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Research Notes

Common Denominator in Breast Cancer While breast cancer devastates all those affected, researchers have had a tough time finding a common denominator at the molecular level. Now Saraswati Sukumar, associate professor of oncology and pathology, and colleagues at the Johns Hopkins Oncology Center have identified a molecular alteration affecting the vast majority of primary breast cancers. Hypermethylation of the 14-3-3 s gene (s) and subsequent loss of expression are the most consistent molecular

Nadia Halim

Common Denominator in Breast Cancer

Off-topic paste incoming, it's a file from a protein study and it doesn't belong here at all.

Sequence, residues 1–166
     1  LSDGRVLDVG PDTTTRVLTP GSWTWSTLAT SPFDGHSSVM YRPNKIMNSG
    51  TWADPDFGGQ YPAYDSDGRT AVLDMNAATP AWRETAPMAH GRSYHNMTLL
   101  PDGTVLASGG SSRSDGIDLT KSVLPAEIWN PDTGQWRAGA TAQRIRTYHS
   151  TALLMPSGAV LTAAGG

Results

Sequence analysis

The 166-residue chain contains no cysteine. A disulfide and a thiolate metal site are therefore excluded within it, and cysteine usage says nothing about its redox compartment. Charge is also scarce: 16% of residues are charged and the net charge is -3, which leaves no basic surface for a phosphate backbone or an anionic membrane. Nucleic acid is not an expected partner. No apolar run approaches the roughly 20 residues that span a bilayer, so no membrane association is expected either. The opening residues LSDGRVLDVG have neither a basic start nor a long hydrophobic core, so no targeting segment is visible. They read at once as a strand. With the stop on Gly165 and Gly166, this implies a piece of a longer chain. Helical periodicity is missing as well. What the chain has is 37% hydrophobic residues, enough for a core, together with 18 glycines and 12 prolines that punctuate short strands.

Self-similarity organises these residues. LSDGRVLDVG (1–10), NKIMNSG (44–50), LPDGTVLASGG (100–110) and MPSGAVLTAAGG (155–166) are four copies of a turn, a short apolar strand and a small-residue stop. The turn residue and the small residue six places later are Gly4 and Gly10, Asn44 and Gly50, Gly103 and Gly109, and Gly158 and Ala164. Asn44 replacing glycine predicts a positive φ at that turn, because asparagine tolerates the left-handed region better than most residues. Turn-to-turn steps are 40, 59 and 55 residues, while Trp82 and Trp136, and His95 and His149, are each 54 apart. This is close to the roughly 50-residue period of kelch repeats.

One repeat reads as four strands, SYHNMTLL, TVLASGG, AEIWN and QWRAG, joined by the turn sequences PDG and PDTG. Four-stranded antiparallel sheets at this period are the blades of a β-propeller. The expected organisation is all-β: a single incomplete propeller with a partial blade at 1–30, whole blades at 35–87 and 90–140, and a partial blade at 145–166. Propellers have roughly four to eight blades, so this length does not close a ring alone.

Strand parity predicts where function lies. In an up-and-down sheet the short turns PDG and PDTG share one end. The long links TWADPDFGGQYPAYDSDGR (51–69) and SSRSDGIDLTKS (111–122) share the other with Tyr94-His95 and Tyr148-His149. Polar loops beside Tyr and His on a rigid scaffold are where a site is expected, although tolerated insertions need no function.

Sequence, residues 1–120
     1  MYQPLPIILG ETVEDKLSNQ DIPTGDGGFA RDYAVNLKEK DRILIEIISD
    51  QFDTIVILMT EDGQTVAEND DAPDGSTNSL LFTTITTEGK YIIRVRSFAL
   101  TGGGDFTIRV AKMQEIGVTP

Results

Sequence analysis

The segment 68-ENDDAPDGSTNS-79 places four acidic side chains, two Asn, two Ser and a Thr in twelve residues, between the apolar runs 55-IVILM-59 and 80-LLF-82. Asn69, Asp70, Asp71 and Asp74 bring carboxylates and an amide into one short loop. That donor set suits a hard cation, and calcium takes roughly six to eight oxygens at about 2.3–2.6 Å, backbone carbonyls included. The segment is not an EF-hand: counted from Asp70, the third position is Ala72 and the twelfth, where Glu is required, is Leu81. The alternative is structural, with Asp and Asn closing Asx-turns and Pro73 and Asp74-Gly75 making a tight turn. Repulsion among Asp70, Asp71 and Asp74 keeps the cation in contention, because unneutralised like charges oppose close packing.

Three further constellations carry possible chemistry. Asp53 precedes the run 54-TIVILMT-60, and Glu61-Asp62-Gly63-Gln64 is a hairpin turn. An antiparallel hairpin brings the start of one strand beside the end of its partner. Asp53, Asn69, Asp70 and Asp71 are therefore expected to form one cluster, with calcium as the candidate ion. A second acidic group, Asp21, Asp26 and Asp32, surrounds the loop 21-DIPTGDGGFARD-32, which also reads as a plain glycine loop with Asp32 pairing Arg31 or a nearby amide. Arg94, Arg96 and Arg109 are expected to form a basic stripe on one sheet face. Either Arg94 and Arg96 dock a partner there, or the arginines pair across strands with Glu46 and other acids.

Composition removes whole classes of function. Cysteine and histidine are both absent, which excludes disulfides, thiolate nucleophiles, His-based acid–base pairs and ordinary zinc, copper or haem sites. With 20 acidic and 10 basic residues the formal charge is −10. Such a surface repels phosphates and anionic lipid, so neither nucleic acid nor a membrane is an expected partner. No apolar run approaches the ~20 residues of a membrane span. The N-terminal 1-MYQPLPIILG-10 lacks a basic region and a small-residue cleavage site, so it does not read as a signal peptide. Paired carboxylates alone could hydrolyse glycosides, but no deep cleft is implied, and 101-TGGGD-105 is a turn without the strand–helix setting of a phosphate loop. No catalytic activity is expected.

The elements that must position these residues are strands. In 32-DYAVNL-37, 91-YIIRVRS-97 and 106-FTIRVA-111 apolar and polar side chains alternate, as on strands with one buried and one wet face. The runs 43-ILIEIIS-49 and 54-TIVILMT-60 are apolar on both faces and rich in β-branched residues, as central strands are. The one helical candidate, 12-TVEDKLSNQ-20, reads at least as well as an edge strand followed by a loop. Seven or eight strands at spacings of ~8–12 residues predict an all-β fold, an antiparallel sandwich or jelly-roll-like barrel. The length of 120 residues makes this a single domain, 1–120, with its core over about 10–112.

While breast cancer devastates all those affected, researchers have had a tough time finding a common denominator at the molecular level. Now Saraswati Sukumar, associate professor of oncology and pathology, and colleagues at the Johns Hopkins Oncology Center have identified a molecular alteration affecting the vast majority of primary breast cancers. Hypermethylation of the 14-3-3 s gene (s) and subsequent loss of expression are the most consistent molecular alterations in breast cancer identified to date (A.T. Ferguson et al., "High frequency of hypermethylation at the 14-3-3 s locus leads to gene silencing in breast cancer," Proceedings of the National Academy of Sciences, 97:6049-54, May 23, 2000.). They found that s expression is undetectable in 94 percent of breast tumors studied (45 out of 48). Originally identified as a p53-inducible gene that is responsive to DNA damaging agents, s prevents cell cycle...

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